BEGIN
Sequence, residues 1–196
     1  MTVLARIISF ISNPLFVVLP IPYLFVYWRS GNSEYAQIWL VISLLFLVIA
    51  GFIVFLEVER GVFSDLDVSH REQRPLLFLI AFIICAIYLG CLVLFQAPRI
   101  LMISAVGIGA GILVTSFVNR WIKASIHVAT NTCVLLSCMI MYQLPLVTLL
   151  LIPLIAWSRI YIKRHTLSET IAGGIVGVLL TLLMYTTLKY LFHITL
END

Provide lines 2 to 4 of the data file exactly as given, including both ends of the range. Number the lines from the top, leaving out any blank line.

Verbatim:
     1  MTVLARIISF ISNPLFVVLP IPYLFVYWRS GNSEYAQIWL VISLLFLVIA
    51  GFIVFLEVER GVFSDLDVSH REQRPLLFLI AFIICAIYLG CLVLFQAPRI
   101  LMISAVGIGA GILVTSFVNR WIKASIHVAT NTCVLLSCMI MYQLPLVTLL